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Deploy Adobe Acrobat Reader XI (11.0.03) Using SCCM 2012 SP1

There are several blogs on this topic; however, some seem to be lacking one or more details or may not show how to patch and customize Adobe Acrobat Reader XI. In this blog, I will show you how to patch, customize and deploy, via SCCM, Adobe Reader XI (11.0.03).

Pre-requisite: Make sure you have installed Adobe Customization Wizard XI

  1. Download the latest version of Acrobat Reader from Adobe’s FTP site.
    1. The direct FTP link is: ftp://ftp.adobe.com/pub/adobe/reader/win/11.x/11.0.03/en_US/
  2. We’re going to download the EXE file: AdbeRdr11003_en_US.exe
  3. Next, from an administrator command line, we’re going to extract the MSI from the EXE file using the following command: AdbeRdr11003_en_US.exe -nos_o”c:\SomeDirectory” -nos_ne
    1. Do not close this command line window as we’ll use it again.
    2. For this example I’m extracting the contents to C:\temp\Adobe XI (11.0.03) folder.

  4. Once we’ve extracted the source files from the EXE file, then let’s run (as an administrator) the Adobe Customization Wizard XI to create the MST file that we’re going to use to customize Adobe Reader XI.
    1. If the customization wizard isn’t run as an administrator, you won’t be able to save the package.
  5. Basically, we’re going to make changes in the the following sections:
    1. Personalization Options
    2. Installation Options
    3. Shortcuts
    4. WebMail Profiles
    5. Online and Adobe online services Features

  6. Once the customization options have been completed, proceed to click on Transform menu option then click on Generate Transform…
    1. Save the MST file in the same folder where the Adobe Reader MSI exists.
    2. For this example, we’re going to save this file as AcroRead.mst
  7. Next, click on File and then click on Save Package.
  8. Back to the command line and let’s create an Application Installation Point (AIP) in order to patch Acrobat Reader.
    1. In the folder where the MSI file was extracted, you’ll notice that file AdbeRdrUpd11003.msp is located there – that’s our patch file that we’ll be applying.
    2. For this example we’re going to create a new folder – C:\AdobeAIP
  9. From the command line, in step 3, we’re going to create the AIP with the following command: msiexec /a AcroRead.msi
    1. Once the wizard comes up, make sure to point it to the folder created in step 8.2
    2. Make sure you run this command from the folder in step 3.
    3. Take a look at the files extracted
  10. Change directory to folder C:\AdobeAIP
  11. Now we’re ready to patch the Acrobat Reader source files, let’s use the following command: msiexec /a AcroRead.msi /p “c:\temp\Adobe XI (11.0.03)\AdbeRdrUpd11003.msp”
    1. This will open a wizard window; make sure there are no error messages during this task.

  12. If the patching process was successful, then we should now have a patched Acrobat Reader XI installation as well as a customization file.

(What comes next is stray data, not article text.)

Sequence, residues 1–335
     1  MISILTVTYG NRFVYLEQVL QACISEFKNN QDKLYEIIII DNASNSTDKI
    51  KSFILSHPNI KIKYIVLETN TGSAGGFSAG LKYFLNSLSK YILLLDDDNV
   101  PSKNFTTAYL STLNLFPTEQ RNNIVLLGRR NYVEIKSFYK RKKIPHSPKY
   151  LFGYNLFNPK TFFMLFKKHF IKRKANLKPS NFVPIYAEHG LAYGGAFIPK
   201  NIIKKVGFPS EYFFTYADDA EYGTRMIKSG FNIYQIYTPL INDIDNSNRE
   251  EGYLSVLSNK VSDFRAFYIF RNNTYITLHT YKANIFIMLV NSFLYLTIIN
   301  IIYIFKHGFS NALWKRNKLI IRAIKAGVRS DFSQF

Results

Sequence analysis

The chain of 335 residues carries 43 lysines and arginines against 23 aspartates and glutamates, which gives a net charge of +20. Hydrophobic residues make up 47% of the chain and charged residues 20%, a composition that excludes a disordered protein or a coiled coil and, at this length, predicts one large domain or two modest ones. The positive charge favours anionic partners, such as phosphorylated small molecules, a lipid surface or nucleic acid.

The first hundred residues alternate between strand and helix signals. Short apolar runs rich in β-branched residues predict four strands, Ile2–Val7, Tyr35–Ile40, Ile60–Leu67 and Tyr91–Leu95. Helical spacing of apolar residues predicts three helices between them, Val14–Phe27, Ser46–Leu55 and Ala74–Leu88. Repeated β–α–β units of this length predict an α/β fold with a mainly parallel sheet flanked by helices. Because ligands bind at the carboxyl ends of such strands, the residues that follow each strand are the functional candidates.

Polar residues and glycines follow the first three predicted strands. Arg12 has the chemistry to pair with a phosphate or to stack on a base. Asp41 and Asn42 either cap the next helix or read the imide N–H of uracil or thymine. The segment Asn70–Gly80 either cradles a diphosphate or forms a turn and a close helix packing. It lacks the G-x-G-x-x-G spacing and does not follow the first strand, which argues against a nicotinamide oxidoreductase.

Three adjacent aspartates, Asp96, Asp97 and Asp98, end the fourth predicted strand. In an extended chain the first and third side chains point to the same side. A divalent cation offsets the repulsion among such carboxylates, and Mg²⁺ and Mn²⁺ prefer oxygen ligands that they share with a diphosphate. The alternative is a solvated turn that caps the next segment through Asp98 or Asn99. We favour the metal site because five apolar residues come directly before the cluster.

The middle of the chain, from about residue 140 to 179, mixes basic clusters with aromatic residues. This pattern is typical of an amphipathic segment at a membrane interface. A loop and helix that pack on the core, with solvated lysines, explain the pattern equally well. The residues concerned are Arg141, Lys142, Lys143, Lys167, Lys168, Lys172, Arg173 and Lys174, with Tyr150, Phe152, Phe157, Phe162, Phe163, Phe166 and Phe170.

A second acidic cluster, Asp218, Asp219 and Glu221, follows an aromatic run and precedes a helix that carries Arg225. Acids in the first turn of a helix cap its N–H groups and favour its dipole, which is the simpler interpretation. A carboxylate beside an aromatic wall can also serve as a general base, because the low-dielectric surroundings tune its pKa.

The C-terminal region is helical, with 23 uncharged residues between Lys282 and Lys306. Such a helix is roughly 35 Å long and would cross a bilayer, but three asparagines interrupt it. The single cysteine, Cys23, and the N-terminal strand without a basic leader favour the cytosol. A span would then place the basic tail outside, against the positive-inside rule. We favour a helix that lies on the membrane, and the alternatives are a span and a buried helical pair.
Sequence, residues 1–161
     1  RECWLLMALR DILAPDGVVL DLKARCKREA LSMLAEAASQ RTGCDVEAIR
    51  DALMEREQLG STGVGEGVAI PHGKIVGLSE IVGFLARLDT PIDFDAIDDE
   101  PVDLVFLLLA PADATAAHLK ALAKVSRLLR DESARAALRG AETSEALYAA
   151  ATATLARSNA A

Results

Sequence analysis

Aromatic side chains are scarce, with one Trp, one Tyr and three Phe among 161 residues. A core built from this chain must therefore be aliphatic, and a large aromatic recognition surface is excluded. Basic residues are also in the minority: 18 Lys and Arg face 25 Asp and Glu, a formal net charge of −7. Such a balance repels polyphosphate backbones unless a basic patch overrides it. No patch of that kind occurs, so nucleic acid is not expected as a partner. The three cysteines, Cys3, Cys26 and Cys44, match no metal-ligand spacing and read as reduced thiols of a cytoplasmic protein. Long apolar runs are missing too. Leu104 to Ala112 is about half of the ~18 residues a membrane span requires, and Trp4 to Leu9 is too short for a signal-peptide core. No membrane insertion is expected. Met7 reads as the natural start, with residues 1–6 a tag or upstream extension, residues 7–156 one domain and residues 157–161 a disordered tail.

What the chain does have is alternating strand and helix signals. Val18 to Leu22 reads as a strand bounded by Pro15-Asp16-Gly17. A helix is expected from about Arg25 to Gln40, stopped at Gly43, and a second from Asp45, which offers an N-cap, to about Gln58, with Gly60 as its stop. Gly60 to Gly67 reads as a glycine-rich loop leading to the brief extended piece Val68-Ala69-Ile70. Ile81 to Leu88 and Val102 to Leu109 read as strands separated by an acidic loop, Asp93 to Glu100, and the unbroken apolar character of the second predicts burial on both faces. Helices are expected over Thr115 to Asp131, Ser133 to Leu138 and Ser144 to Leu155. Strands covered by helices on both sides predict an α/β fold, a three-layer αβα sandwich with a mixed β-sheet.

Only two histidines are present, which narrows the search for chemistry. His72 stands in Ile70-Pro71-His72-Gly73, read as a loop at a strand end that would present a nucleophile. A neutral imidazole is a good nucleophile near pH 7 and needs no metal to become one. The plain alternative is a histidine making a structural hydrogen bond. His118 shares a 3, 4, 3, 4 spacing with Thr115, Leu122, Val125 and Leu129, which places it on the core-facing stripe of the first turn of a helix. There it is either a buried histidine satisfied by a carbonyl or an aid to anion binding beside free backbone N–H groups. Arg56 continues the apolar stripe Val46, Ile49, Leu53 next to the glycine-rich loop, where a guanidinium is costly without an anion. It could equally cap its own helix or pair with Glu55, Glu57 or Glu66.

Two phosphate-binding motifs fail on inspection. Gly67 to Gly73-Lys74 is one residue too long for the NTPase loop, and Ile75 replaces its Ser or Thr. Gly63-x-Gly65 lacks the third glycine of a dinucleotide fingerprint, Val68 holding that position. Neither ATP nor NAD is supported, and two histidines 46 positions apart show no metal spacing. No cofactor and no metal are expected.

13. From Step 3 folder (C:\temp\Adobe XI (11.0.03)), copy the MST file to the Step 6 folder (C:\AdobeAIP)
  14. At this time, folder C:\AdobeAIP should contain a patched Acrobat Reader  XI as well as the customization file. We’re going to use the contents of folder C:\AdobeAIP as our deployment files to create our SCCM 2012 deployment package.
  15. Copy all contents of C:\AdobeAIP to the share that SCCM uses to deploy applications in your environment.
  16. Let’s create a new application deployment package in SCCM. First, go to the Software Library section, and click on Application Management and then click on the Applications container to create the new package.
  17. Right click on the Applications container then click on Create Application option.
  18. Point to the network share where you copied the files in Step 15 and select the file AcroRead.msi
    1. You may get a warning message about not being able to verify the publisher of this MSI file, just click on Yes.
  19. In the General Information wizard screen, in the Installation program field, add the following:TRANSFORMS=”AcroRead.mst”
    1. This line should read: msiexec /i “AcroRead.msi” TRANSFORMS=”AcroRead.mst” /q

  20. Continue accepting defaults until the application wizard finishes.
  21. Now, you can deploy this new application to a selected number of computers or users.


Supersedence Notes
In my environment, I’m replacing, or superseding, and older version of Adobe Acrobat Reader. Here’s a quick screenshot on how it’s done.


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A disk controller driver nightmare from hell!!

Recently we started the deployment of Windows 7 Enterprise (x64) throughout the company that I work for. The targeted hardware were DELL Optiplex 980, 990 and 9010 model desktops. The nightmare began after deploying several Optiplex 990 models. We use Microsoft System Center Configuration Manager 2012 SP1 to deploy the OS and applications to these desktops.